Nanoworks Division, Luna Innovations Incorporated
The University of North Carolina, USA
PhD in Microbiology and Immunology, Medical College of Virginia, Richmond, VA. B.S from James Madison University, Harrisonburg, VA. MBA from College of William and Mary, Williamsburg.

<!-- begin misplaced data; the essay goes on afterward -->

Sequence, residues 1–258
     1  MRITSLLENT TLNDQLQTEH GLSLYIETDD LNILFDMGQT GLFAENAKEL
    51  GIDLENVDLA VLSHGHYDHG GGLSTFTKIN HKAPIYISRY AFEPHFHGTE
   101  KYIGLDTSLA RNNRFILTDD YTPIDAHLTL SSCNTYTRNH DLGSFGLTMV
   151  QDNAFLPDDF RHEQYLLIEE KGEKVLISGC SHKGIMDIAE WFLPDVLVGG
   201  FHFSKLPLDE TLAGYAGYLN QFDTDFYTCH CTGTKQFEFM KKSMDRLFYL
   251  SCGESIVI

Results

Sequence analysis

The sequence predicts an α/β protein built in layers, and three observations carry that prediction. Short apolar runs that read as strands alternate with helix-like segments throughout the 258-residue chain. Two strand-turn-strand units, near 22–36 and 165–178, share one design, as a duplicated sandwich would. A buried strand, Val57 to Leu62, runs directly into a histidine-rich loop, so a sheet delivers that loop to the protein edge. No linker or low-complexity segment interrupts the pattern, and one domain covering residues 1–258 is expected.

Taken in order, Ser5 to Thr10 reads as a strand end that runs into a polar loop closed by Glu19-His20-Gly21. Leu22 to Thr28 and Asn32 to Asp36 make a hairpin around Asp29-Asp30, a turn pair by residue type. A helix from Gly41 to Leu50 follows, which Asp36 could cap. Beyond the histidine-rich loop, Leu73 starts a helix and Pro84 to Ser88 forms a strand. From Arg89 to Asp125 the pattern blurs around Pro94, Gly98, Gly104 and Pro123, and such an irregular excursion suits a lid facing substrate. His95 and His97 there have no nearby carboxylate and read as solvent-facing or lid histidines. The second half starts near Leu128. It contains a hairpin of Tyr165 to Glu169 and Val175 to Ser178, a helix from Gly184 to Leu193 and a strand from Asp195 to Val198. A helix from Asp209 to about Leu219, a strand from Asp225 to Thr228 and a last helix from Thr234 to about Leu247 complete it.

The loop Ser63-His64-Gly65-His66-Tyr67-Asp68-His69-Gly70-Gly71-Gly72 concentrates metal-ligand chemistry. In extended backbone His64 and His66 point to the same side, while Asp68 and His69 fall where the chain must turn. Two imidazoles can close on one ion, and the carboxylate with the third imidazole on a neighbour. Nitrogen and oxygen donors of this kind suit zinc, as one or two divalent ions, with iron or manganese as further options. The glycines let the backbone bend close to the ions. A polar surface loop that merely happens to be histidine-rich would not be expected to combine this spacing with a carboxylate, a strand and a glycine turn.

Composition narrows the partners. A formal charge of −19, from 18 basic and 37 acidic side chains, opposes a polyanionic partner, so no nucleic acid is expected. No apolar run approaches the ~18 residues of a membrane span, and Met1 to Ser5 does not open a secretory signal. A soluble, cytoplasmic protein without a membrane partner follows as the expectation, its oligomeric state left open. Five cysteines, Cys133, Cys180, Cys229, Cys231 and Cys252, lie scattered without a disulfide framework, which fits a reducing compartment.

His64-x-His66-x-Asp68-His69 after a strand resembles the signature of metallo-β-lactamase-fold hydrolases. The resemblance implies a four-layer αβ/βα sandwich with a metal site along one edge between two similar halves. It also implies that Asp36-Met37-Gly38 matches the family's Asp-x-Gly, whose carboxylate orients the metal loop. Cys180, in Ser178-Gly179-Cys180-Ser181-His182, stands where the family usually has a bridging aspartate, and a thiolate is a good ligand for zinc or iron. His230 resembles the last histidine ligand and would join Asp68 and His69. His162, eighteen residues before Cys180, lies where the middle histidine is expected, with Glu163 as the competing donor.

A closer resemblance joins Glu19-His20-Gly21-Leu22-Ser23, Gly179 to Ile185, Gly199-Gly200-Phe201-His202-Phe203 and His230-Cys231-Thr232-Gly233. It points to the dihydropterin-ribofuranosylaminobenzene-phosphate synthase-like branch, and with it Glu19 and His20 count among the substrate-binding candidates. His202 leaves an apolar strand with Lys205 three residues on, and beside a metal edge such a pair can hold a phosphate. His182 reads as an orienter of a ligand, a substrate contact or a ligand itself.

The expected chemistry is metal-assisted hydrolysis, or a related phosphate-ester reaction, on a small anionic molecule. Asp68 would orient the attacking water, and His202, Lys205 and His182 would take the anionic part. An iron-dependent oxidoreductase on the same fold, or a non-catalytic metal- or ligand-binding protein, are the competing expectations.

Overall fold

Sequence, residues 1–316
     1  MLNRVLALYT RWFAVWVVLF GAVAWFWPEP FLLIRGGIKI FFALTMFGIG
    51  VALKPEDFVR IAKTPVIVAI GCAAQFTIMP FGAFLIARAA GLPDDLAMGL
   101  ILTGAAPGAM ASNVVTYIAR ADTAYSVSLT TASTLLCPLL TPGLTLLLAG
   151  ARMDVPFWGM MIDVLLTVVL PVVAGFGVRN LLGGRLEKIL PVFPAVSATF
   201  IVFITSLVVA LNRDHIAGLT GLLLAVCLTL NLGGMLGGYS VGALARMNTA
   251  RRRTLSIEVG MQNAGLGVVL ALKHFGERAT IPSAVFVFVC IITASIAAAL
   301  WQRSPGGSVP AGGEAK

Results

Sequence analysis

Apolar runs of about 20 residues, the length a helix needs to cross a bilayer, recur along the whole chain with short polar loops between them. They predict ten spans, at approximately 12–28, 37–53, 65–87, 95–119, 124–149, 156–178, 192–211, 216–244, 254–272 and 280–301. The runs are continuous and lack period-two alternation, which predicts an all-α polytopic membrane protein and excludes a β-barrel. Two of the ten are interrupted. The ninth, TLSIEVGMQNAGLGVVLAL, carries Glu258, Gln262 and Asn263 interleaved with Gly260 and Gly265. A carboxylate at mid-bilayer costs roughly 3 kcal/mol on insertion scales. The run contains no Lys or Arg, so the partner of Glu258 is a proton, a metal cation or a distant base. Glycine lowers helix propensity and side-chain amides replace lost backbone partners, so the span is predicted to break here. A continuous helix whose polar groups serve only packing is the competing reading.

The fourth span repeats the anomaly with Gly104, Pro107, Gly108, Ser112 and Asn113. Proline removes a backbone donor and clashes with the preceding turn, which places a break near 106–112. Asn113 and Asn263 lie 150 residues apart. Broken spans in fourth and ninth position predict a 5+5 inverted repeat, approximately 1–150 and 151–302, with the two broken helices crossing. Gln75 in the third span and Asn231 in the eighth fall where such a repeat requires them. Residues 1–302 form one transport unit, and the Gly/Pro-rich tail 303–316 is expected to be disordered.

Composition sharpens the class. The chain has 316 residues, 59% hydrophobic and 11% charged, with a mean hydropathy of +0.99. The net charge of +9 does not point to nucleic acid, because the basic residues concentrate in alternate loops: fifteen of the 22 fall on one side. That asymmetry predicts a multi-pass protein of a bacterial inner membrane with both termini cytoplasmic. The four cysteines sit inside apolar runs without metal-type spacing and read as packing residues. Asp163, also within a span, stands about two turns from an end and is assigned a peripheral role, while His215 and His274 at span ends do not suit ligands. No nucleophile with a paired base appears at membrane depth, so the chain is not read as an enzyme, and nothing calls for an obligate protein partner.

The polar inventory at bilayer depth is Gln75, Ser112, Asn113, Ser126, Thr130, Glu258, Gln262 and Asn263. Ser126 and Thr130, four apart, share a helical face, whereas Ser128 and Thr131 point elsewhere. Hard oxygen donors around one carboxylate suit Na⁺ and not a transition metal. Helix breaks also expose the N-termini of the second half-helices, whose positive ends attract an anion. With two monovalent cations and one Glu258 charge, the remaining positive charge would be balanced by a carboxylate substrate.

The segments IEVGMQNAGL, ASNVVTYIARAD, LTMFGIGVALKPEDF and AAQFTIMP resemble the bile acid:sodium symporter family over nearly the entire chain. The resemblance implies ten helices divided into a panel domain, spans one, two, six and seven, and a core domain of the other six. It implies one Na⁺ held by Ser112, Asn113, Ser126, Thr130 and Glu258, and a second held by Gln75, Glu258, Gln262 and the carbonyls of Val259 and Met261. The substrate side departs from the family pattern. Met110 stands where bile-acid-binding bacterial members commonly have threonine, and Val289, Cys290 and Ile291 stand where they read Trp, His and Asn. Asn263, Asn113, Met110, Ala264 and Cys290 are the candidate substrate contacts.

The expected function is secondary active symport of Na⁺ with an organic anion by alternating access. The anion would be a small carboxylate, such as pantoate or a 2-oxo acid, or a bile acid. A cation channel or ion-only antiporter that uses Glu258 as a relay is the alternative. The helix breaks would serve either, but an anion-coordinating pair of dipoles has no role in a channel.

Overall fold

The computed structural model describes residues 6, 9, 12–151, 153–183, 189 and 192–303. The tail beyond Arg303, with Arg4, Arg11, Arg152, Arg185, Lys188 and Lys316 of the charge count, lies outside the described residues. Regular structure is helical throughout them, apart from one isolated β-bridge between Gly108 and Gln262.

Current research is aimed at understanding the signaling pathways involved in the inhibition of inflammation and discovering new ways to turn them off. To this end my laboratory conceives, rationally designs, synthesizes, and tests fullerene nanomaterials as therapies for inflammatory diseases with a primary focus on those driven mast cells such as asthma, arthritis, and allergy. Similarly, we want to understand the signal transduction mechanisms of fullerene inhibition of these disease processes. My past research was dedicated to finding new ways to “turn off” the allergic response by inhibiting Fc?RI/mast cell/basophil responses. First, I was the first to explain why “nonreleaser” basophils fail to release in response to Fc?RI stimulation; they lack the tyrosine kinase Syk. A follow-up publication demonstrated that low doses of antigen-as given during allergen immunotherapy-can induce mast cell desensitization through reductions in Syk levels. Second, we demonstrated that co-aggregation of Fc?RI with Fc?RIIb receptors on human basophils could inhibit Fc?RI degranulation. These studies became the groundwork for collaborations in which we developed molecules that could turn off Fc?RI through co-aggregation with Fc R II.